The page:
But since we have proved that we can hold most jobs just as well as men, I don’t see why boulangère could not be used for a woman making bread.

    Now it’s too bad I don’t live in Paris anymore, I would have loved tasting that bread…

    • David

    Sylvie: The only thing is, what does one call the male husband of a female bread-baker? ; )

    • Mimi

    Next trip, whenever that might be!

    • Ramon

    Boulangere sounds right to me. What sounds more right is that she’s using organic flour and going to the extra trouble of levain instead of commercial yeast. Bravo. I can taste her bread in your description, David. I know it already.

    Sounds like she’s working her ass off too.


    • Lola

    yum. any idea which markets she graces with her bread? Batignolles I hope?? or perhaps Raspail?

    • Sylvie

    David, that’s a good one ! I heard that a woman just got promoted to Colonel in the Gendarmerie, the first one in France. So she will be Madame le Colonel, as opposed to La Colonel, wife to a male colonel.

    Maybe the husband of a boulangère could be Monsieur la boulangère !

    • seyo

    I’m here in Paris (having trouble with the azerty keyboard), I’m going to check out the bakery tomorrow

    • xavier

    i m french, the french feminine word for “un boulanger” is “une boulangère”.
    bye bye

    • charmaine

    went to her bakery today and btw my husband and i, we had a brownie, croissant and that spiral looking thing with green topping (sorry, don’t know what it’s called. i just eat!)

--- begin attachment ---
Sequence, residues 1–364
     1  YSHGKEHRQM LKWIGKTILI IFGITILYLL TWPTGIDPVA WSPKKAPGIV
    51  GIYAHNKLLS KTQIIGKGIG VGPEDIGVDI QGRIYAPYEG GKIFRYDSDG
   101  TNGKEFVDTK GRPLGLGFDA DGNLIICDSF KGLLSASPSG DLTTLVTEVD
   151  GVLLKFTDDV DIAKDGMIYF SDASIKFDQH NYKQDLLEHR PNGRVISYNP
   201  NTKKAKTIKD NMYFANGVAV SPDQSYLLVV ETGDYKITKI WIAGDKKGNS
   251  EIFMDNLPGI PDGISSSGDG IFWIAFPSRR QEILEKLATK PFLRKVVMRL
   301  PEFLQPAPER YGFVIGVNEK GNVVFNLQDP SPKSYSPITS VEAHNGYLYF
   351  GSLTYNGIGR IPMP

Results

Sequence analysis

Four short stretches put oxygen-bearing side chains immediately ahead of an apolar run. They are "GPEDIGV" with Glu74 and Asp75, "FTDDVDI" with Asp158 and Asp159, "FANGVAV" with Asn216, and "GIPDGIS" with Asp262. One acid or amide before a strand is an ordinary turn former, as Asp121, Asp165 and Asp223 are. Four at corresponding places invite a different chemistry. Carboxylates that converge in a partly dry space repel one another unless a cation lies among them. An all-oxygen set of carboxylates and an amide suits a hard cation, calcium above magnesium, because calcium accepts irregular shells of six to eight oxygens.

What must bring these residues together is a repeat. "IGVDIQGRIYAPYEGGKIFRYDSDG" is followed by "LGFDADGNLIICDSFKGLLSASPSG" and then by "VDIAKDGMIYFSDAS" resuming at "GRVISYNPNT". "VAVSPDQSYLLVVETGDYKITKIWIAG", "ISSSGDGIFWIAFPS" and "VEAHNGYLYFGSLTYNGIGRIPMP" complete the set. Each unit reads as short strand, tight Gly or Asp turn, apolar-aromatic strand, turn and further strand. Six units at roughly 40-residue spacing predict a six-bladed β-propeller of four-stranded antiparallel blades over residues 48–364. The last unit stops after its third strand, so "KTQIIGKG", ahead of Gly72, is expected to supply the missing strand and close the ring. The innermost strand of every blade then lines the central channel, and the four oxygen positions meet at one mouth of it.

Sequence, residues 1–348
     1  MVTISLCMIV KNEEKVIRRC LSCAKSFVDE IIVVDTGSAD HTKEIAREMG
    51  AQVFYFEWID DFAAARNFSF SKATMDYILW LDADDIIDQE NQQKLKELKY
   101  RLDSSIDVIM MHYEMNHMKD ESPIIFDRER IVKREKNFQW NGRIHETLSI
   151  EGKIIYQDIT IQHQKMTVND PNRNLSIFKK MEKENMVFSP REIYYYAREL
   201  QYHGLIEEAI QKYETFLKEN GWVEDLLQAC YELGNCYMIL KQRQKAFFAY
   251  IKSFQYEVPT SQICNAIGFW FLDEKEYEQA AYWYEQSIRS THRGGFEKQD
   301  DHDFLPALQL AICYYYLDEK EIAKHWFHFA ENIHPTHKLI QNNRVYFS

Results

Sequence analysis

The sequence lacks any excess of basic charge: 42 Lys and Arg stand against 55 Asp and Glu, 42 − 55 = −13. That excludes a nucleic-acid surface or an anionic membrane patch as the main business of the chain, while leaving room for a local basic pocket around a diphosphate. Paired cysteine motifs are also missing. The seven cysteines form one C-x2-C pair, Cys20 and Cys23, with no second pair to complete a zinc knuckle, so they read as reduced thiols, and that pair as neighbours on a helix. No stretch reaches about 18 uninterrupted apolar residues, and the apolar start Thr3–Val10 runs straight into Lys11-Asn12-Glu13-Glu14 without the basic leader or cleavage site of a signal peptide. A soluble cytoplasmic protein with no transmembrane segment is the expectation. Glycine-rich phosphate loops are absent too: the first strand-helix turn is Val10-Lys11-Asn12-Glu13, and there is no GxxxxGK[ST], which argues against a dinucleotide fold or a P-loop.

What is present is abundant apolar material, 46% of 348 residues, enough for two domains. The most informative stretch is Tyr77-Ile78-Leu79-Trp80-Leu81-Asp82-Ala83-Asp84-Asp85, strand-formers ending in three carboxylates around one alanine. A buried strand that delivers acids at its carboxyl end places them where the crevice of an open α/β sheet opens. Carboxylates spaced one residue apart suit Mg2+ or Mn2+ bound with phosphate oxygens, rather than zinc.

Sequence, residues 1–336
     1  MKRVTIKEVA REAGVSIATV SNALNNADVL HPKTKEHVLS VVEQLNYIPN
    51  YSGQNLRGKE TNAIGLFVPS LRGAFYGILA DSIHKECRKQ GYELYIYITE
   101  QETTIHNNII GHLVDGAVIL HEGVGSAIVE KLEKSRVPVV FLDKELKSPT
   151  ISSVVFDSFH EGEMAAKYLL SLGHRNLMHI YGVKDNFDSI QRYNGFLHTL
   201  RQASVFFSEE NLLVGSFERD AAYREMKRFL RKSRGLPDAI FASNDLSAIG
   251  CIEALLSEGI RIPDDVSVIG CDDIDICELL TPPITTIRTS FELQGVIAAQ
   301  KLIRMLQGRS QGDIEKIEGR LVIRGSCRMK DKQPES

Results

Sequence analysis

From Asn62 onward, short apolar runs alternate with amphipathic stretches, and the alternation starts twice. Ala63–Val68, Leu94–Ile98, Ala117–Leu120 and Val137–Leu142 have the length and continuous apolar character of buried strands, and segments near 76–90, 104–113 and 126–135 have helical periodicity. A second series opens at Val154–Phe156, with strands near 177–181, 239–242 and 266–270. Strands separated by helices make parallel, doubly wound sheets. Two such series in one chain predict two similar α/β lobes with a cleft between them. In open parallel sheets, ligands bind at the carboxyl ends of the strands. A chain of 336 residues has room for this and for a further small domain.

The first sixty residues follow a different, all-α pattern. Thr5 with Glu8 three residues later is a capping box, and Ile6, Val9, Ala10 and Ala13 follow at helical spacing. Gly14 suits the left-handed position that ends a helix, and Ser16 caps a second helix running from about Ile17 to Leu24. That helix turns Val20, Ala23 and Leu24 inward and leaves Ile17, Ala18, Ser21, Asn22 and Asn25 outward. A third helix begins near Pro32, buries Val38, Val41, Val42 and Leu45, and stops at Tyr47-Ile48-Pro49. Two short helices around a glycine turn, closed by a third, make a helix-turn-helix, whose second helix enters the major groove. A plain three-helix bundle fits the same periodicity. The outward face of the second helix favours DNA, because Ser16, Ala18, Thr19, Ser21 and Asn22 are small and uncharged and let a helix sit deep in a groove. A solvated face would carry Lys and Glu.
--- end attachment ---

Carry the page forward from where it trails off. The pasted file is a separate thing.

indeed, her pastries are very cripsy and yummy. the green thing was a little sweet though. my husband had the brownie and he said that while it didn’t look like it, it was rich with chocolate (though a little dry). i love the simple croissant!

    i had actually wanted to buy a loaf of bread, but she seemed like in a super bad mood, and made me feel very uncomfortable when i was browsing. gave me the feeling she wanted us out of her shop. she must have had a bad day!

    • Matevz


    I was searching your site to find a “top 10” or “must see” list of bakeries in Paris but could not find it. I know Poilane and Kaiser, found a few more in your articles – could you be so kind and list your favourites, so that I could visit and enjoy them on my forthcoming visits to Paris in October and November.


    • Ameya

    I was so happy to discover that I’m only a 20-minute walk from this amazing boulangerie! It’s perfect-I can walk there, savor a pastry, and then walk back and not feel as guilty :) The coffee eclairs are out of this world!!

    • Andrea

    I’ll be in Paris very briefly in March and definitely want to visit this bakery. Do you know what time it is open in the morning? I am also planning my 3(maybe 4) meals around your recommendations

    • David
    David Lebovitz

    Andrea: I don’t know but there is a number to call and ask about opening times. Enjoy!